Electrons and positrons are among the speedy particles known as cosmic rays, which originate beyond the solar system. Because cosmic ray particles carry an electrical charge, their paths become scrambled when they encounter magnetic fields on their journey to Earth. This means astronomers cannot directly track them back to their sources.

For the past decade, cosmic ray measurements by Fermi, NASA’s Alpha Magnetic Spectrometer (AMS-02) aboard the International Space Station, and other space experiments near Earth have seen more positrons at high energies than scientists expected. Nearby pulsars like Geminga were prime suspects.

Then, in 2017, scientists with the High-Altitude Water Cherenkov Gamma-ray Observatory (HAWC) near Puebla, Mexico, confirmed earlier ground-based detections of a small gamma-ray halo around Geminga. They observed this structure at energies from 5 to 40 trillion electron volts — light with trillions of times more energy than our eyes can see.

Scientists think this emission arises when accelerated electrons and positrons collide with nearby starlight. The collision boosts the light up to much higher energies. Based on the size of the halo, the HAWC team concluded that Geminga positrons at these energies only rarely reach Earth. If true, it would mean that the observed positron excess must have a more exotic explanation.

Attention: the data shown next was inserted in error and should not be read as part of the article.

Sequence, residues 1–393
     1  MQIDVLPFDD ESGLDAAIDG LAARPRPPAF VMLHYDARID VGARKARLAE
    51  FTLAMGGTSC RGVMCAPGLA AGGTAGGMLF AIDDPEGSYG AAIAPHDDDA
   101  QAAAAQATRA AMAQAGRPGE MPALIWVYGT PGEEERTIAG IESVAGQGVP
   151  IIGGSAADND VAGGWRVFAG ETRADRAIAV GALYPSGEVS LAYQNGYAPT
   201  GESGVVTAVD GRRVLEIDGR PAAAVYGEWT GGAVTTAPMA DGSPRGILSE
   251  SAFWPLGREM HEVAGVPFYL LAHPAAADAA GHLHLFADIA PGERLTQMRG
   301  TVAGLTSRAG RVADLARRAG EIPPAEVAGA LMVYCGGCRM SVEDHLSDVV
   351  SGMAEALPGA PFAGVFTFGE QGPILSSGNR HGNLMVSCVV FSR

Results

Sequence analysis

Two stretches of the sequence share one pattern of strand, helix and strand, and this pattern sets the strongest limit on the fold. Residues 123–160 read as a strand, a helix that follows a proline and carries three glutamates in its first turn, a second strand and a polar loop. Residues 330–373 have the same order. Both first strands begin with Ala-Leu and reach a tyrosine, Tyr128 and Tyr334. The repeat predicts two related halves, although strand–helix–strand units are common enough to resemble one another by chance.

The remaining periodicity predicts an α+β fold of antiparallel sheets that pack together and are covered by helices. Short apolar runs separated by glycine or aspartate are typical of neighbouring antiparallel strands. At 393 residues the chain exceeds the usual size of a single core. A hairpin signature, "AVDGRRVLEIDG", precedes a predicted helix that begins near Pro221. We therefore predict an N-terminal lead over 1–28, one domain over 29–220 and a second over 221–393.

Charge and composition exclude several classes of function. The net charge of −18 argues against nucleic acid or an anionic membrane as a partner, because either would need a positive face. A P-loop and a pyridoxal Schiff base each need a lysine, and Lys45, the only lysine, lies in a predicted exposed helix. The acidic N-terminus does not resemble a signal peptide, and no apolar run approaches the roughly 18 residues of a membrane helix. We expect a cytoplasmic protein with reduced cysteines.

But interest in a pulsar origin continued, and Geminga was front and center. Di Mauro led an analysis of a decade of Geminga gamma-ray data acquired by Fermi’s Large Area Telescope (LAT), which observes lower-energy light than HAWC.

“To study the halo, we had to subtract out all other sources of gamma rays, including diffuse light produced by cosmic ray collisions with interstellar gas clouds,” said co-author Silvia Manconi, a postdoctoral researcher at RWTH Aachen University in Germany. “We explored the data using 10 different models of interstellar emission.”